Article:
Citation and Funding

Perez J, Russo DA, Stochl J, et al. Understanding causes of and developing effective interventions for schizophrenia and other psychoses. Programme Grants Appl Res. 2016;4(2).

Perez J, Jin H, Russo DA, et al. Clinical effectiveness and cost-effectiveness of tailored intensive liaison between primary and secondary care to identify individuals at risk of a first psychotic illness (the LEGs study): a cluster-randomised controlled trial. Lancet Psychiatry. 2015;2(11):984-93.

Funding for this study was provided by the Programme Grants for Applied Research programme of the National Institute for Health Research.

Bibliography

NHS England. Guidance to support the introduction of access and waiting time standards for mental health services in 2015/16. London: NHS England; 2015.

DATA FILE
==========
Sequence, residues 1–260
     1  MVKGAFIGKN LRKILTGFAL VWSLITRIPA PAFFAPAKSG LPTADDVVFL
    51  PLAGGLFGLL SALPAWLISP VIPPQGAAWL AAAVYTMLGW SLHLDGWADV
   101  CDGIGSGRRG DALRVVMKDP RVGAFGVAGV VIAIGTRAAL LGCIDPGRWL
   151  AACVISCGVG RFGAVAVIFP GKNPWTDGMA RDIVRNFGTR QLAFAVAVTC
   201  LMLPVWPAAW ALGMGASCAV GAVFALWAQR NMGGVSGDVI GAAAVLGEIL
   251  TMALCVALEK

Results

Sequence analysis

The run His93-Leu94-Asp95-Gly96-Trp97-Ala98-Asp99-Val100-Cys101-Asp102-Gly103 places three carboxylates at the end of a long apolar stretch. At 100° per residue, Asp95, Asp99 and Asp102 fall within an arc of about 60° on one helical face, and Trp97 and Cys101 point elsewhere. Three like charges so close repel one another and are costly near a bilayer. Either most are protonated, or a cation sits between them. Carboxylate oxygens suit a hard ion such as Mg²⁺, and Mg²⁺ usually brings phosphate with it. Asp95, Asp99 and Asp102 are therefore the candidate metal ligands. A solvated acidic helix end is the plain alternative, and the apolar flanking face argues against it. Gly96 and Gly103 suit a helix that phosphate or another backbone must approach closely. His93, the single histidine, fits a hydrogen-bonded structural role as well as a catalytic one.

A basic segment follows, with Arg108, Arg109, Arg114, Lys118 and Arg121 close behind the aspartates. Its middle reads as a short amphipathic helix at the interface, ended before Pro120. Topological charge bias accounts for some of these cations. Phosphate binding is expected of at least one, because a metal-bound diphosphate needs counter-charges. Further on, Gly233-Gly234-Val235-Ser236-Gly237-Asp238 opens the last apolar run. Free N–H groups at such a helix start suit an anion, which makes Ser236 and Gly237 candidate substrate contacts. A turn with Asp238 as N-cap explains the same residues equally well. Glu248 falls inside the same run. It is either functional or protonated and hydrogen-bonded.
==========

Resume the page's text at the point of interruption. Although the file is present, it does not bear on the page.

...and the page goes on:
NICE. Psychosis and schizophrenia in children and young people: recognition and management – guidance. [CG155]. London: National Institute for Health and Care Excellence; 2013.

NICE. Psychosis and schizophrenia in adults: prevention and management. [CG178] London: National Institute for Health and Care Excellence; 2014.

Royal College of Psychiatrists. No health without public mental health: the case for action. London: Royal College of Psychiatrists; 2010.

Understanding causes of and developing effective interventions for schizophrenia and other psychoses

Published on 1 March 2016

Perez J, Russo DA, Stochl J, Shelley GF, Crane CM, Painter M, Kirkbride JB, Croudace TJ, Jones PB

Programme Grants for Applied Research Volume 4 Issue 2 , 2016